However, what makes the “reflation” moniker so head-scratching is where we sit in the market cycle. Valuations are certainly not depressed, with the S&P 500 trading at 23x 2021 EPS estimates and 20x 2022 EPS estimates, which place today’s valuations in the 100th percentile, historically. The market is essentially saying that current estimated earnings growth of 23% in 2021 and 17% in 2022 is far too low. Investor sentiment is also not low, as measured by the Citi Panic/Euphoria model below.
The current composite sentiment reading of 1.83 blew past the previous record set back during the height of the Tech Bubble. Based on historical readings of Citi’s model, it is reading a 100% probability that the S&P 500 is lower within the next 12 months. But wait, there’s more! Citi also runs a S&P 500 earnings yield gap analysis model. That model is reading 1.56 standard deviations below its 40-year average, which says there is an 88% probability of the S&P 500 being higher within the next 12 months!
So, what is it? No one knows for certain because we have never been here before. The difference in Citi’s models above show why the equity market has experienced increasing volatility over the past couple of years – faster and deeper selloffs with sharper and more extended recoveries. However, the recent chatter and certainty regarding global reflation sounds eerily similar to what we heard in late 2017 and early 2018 – global synchronized growth. That just so happened to be the start of the heightened volatility regime we find ourselves in today.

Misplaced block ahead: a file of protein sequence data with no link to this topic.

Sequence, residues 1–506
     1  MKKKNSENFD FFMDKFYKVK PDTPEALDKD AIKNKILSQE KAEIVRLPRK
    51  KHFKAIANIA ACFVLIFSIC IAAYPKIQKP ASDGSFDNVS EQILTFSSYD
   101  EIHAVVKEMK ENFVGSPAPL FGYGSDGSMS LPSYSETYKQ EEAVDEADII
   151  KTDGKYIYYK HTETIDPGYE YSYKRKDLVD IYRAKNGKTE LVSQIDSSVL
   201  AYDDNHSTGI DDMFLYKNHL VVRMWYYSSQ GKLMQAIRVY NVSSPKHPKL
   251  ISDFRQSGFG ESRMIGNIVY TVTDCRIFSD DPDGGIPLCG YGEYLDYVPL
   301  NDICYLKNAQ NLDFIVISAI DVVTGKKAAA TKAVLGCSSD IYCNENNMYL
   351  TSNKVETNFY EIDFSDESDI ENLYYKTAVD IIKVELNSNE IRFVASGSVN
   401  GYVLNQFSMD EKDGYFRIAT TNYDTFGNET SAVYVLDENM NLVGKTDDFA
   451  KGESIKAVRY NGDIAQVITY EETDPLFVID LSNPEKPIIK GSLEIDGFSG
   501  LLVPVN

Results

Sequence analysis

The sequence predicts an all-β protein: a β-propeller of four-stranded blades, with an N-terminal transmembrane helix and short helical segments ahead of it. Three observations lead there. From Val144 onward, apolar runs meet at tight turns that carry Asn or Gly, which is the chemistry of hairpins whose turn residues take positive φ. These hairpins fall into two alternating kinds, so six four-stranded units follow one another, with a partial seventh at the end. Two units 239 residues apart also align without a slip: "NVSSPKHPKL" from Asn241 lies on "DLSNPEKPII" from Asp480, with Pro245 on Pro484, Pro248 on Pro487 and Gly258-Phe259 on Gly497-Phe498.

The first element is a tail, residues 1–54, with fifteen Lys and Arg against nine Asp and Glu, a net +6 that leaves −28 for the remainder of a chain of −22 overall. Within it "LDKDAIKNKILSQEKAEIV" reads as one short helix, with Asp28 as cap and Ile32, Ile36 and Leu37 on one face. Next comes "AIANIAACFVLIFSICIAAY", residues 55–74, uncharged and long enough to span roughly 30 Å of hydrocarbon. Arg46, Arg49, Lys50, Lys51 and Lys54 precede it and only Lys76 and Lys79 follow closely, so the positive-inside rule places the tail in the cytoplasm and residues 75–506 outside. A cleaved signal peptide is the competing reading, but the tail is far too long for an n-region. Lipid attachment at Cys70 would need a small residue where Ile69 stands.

“When share prices are low, as they were in the fall of 2008 into early 2009, actual risk is usually quite muted while perception of risk is very high. By contrast, when securities prices are high, as they are today, the perception of risk is muted, but the risks to investors are quite elevated.”Seth Klarman, Founder, CEO, and Portfolio Manager of Baupost Group
Willing to be Different
At Tandem, we are Willing to Be Different. This is not a catch phrase we market haphazardly, but rather a belief, a discipline, and an experience that we have worked hard to create. When you truly are Willing to Be Different, you are not concerned with conforming to an industry norm; you are not concerned with being a solution for all. We take great pride in not conforming or changing who we are to fit the most recent narrative.
In trending markets, those who sometimes go against the grain are slapped with the label of being “contrarian.” We are not a contrarian investment manager who purposefully seeks to do the opposite of the masses. We are market agnostic and view the equity markets as a market of stocks rather than a stock market. This belief allows us to do our job – buy low and sell high. And rarely do the best times to buy and sell occur simultaneously.